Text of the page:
linolysis (CPM) was associated with a global lowering of many higher cognitive processes on the WAIS in addition to motor deficits presumably as a result of damage to motor tracts within the pons [19]. This researcher hypothesized that CPM also can result in prominent damage to the reticular activating system, disruption of neocortical-ponto-cerebellar tracts and interruption of catecholaminergic pathways. These types of focalized brain stem injuries within the central pons would account for the prominent sleep-wake cycle abnormalities, low levels of general arousal and significant psychiatric morbidity witnessed in the patient’s clinical profile. There was a general uniform lowering or flattening of all WAIS-IV scores with the exception of Figure Weights which was disproportionately affected. There was also a notable lowered score on the subtest of verbal abstraction (Similarities: age scaled score = 7). Our patient also did poorly on interpreting proverbs—a good example of a verbal abstraction task on the mental status examination. All three of these tasks are highly correlated with measures of general cognitive ability [24].

The patient’s profile included the following: 1) disturbances of consciousness including drowsiness and sleep disorders, 2) dysarthria and difficulties articulating speech especially when fatigued, 3) postural hypotension when standing after sitting or lying down culminating in vertigo, tunnel vision and sensations as if she were going to black out and 4) neuropsychological difficulties including attention, concentration, short-term memory, visual motor and fine motor speed and learning ability. All of these symptoms have been shown to occur in large case series studies of CPM [2]. Severe cases of CPM can result in the locked-in syndrome. Mild cases may demonstrate subtle neuropsychological deficits with more prevalent neuropsychiatric symptoms possibly due to the preponderance of catecholaminergic nuclei and tracts emanating from the pons and involved in emotion, arousal and learning [2].

In this patient there was a discrepancy between the intellectual and memory functions. Memory was unimpaired whereas intellectual functions were generally impaired. Verbal working memory was marginally significantly below nonverbal working memory. Performance was impaired on a measure of constructional praxis (e.g. drawing task), motor dexterity (Finger Tapping test) and motor sequencing (Trails B) consistent with damage to pontine motor tracts. The personality and mood profile was consistent with a diagnosis of severe anxiety and depression probably due to damage to catecholaminergic tracts originating within the pons. Our patient displayed prominent sleep disturbances consistent with reticular activating formation injury.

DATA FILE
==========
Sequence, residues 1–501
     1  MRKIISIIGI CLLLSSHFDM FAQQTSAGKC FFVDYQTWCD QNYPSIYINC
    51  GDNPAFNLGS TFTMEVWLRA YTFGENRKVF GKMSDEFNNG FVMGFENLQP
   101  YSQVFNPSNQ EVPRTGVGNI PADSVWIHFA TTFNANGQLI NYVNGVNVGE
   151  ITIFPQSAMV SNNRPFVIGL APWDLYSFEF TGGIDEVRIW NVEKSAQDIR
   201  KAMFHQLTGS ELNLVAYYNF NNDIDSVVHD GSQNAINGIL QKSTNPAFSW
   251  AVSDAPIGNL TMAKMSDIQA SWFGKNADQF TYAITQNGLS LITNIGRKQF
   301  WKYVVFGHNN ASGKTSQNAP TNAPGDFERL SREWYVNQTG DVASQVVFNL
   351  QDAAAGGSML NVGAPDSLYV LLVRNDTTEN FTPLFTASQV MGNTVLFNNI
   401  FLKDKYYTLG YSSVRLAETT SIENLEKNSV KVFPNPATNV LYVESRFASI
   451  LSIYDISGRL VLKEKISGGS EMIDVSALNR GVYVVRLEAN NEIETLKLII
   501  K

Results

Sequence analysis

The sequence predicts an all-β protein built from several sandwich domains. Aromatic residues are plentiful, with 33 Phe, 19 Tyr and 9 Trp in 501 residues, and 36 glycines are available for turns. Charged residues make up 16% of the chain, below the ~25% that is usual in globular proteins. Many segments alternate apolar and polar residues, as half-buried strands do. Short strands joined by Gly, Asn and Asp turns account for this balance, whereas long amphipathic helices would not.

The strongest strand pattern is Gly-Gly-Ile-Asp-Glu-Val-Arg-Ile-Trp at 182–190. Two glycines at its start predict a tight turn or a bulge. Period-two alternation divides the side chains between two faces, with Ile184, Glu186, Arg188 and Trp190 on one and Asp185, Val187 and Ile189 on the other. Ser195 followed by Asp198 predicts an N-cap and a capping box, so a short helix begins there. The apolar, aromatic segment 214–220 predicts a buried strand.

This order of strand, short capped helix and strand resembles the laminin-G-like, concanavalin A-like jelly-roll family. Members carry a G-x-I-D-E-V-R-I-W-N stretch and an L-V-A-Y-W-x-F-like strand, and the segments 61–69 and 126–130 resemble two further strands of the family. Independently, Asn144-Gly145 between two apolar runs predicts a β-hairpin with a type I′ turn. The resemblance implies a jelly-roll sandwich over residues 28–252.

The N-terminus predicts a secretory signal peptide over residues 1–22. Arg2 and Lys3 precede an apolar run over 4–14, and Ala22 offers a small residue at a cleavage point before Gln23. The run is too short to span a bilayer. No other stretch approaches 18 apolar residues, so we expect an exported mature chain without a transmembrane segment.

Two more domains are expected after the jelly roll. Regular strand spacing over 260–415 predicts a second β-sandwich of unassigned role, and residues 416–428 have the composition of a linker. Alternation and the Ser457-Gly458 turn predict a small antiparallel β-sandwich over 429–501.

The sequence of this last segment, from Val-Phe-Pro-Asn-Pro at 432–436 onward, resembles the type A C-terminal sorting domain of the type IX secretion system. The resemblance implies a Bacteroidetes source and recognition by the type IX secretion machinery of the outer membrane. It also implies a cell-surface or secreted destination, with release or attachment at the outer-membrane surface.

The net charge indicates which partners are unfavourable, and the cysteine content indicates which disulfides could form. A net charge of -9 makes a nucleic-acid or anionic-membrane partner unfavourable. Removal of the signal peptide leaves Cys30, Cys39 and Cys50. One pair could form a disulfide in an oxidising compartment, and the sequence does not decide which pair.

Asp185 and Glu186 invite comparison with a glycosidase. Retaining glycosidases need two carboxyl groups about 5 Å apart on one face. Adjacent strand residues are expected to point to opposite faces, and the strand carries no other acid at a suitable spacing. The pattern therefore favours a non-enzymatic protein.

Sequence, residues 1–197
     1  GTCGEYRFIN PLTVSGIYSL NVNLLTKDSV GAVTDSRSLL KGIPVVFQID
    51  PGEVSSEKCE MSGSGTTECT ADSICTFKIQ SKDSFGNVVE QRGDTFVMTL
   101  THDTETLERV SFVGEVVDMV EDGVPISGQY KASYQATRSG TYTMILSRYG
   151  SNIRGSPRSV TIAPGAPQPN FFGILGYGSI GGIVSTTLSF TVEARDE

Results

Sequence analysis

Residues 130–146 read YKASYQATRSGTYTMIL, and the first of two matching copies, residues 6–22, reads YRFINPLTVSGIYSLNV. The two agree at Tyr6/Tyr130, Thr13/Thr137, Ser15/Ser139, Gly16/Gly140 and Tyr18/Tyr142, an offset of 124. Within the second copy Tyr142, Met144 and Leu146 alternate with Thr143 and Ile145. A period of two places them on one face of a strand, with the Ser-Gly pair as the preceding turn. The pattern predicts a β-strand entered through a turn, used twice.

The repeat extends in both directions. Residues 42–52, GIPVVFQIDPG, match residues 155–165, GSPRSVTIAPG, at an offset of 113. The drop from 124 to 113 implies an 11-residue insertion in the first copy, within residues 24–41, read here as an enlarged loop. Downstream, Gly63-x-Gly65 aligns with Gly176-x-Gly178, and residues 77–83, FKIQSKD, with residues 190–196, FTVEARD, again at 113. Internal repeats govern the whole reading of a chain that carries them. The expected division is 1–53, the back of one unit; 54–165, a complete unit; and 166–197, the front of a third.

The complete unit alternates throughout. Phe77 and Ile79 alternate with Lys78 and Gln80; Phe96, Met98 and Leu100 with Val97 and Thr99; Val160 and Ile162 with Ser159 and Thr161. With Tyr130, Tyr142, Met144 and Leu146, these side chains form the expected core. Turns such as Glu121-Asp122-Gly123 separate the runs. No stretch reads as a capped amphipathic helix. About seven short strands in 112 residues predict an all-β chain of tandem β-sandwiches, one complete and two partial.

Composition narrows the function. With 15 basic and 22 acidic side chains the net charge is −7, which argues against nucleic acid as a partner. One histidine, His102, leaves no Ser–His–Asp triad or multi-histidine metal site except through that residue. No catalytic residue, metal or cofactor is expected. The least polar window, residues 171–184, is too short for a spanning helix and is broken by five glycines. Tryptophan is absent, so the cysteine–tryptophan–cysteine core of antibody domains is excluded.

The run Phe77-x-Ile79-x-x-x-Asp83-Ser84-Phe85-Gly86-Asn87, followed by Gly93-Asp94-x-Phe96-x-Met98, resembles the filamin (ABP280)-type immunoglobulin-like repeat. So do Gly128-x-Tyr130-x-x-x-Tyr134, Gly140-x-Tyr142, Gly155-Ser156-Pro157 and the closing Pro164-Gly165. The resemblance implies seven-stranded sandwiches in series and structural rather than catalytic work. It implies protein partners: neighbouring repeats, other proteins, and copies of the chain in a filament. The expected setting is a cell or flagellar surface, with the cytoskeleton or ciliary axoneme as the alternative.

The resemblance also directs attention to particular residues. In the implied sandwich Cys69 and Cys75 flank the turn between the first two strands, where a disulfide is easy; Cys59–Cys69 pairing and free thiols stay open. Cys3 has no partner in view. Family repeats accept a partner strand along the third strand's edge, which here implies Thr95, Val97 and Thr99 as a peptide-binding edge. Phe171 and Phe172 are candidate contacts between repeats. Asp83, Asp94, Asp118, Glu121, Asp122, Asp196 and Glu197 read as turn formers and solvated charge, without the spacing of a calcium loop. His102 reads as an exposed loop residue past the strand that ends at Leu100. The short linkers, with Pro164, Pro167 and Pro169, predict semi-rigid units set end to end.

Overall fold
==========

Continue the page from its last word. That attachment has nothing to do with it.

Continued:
In summary this patient’s central pontine myelinolysis appears to be benign and it is unknown why our patient developed central pontine myelinolysis. It is unclear why some patients can have such abnormalities on structural neuroimaging within the pons and yet continue to function reasonably well. It is possible that studying such focalized lesions within the brainstem with neuropsychological assessments would afford an opportunity to identify cortical-subcortical mutual interactions. In addition to comprehensive neuropsychological evaluations and structural neuroimaging, functional neuroimaging protocols and laboratory computer-based tasks with speed and accuracy measures to study various forms of attention would likely be helpful. That is, if these CPM lesions are transitory there is potentially the basis for understanding beforeand aftervirtual in vivo lesions in otherwise asymptomatic patients with a high degree of resolution with importance for understanding subcortical disorders and dementias. Further studies of such patients with serial structural and functional imaging will be required to determine the hypothesized benign nature of these abnormalities.


This research was approved by the Research and Performance Support institutional review committee of the Regina Qu’Appelle Health Region at the Wascana Rehabilitation Centre in Regina, Canada. All research participants provided and their informed written consent in accordance with the Declaration of Helsinki. This study was conducted in accordance with the principles of the Canadian Tri-Council Policy Statement: Ethical Conduct for Research Involving Humans.

We thank the research participant for her involvement in this study. Dr. Gregor Jason provided helpful discussions of the individual participant’s neuropsychological evaluations. Joan Harmsworth-Dow of the Wascana Rehabilitation Centre’s Health Science Library provided assistance with literature searches. Ms. Marlene Schick and Ms. Mercedes Will kindly provided administrative support during this study. The authors of this article report no conflict of interest.


Conflicts of Interest

The authors declare no conflicts of interest.